1. What are the pathologies of the uterine cervix?
  2. Risk factors of cervical cancer
  3. Symptoms and diagnosis

What are the pathologies of the uterine cervix?

The uterine cervix is the site for several infective pathologies that can be both bacterial like those caused by Candida albicans, Neisserie gonorrhoeae, Chlamydia and Mycoplasma, or viral like those caused by Herpes simplex, Cytomegalovirus and Papilloma virus. Papilloma virus is one of the risk factors for carcinoma of the uterine cervix (cervical cancer).

 Risk factors of cervical cancer

Cervical cancer is caused by an uncontrolled multiplication of cells of the squamocolumnar junction in malignant cells. Carcinoma of the uterine cervix is the first cause of death for gynaecological neoplasia. The chances of recovery are greater if the disease is diagnosed timely and therefore is in its early stages.

Common risk factors are:

  • Infection from Human Papilloma Virus that is the most important factor associated to cervical cancer. There are more than 100 genotypes of the virus, 40 of which proliferate in the genital tract.
  • An early beginning of sexual activity and sexual promiscuity that increase the risk of contracting HPV or other sexually transmitted diseases:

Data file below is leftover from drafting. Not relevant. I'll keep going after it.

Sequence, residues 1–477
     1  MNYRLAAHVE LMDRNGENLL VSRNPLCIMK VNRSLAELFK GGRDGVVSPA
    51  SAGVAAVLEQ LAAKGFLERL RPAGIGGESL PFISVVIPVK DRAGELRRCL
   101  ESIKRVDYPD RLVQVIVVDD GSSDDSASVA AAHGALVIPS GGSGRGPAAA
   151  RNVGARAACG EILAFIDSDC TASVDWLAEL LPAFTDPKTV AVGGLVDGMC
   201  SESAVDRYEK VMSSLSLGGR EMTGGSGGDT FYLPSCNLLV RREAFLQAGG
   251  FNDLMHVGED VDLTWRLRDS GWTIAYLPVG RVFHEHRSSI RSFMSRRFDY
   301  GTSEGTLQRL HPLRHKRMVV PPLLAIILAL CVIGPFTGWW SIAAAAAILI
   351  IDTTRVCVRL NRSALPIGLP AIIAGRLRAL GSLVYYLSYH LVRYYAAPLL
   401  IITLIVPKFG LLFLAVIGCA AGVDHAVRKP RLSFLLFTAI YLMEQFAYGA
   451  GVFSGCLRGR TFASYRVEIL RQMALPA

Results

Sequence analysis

• Infections of the cervix like chlamydia or herpes simplex
    • The use of oral contraceptives
    • The weakening of the immune system (immune depressive syndromes)

Symptoms and diagnosis

Initially, cervical cancer causes no symptoms and it is therefore extremely important to undergo all gynaecological examinations and routine examinations such as Pap test that allow to diagnose the disease in its early stages. If symptoms occur, they are similar to those of other diseases of the reproductive system like:

  • Abnormal vaginal bleeding outside the menstrual cycle
  • Unusual vaginal discharge of a weird colour or texture
  • Pelvic pain
  • Pain or bleeding during sexual intercourse.

The diagnosis of cervical cancer can be obtained through:

  • Gynaecological examination with in depth pelvic exam to check the neck of the uterus;
  • Pap test (smear test), an exam that is regularly carried out by collecting cells from the uterine cervix;
  • HPV DNA test that allows to identify the viral strain responsible of the HPV infection;
  • Colposcopy with biopsy that allows visualising the cervix and the vagina in an enlarged way to highlight anomalies through the use of specific colorants;
  • Magnetic resonance of the pelvis.

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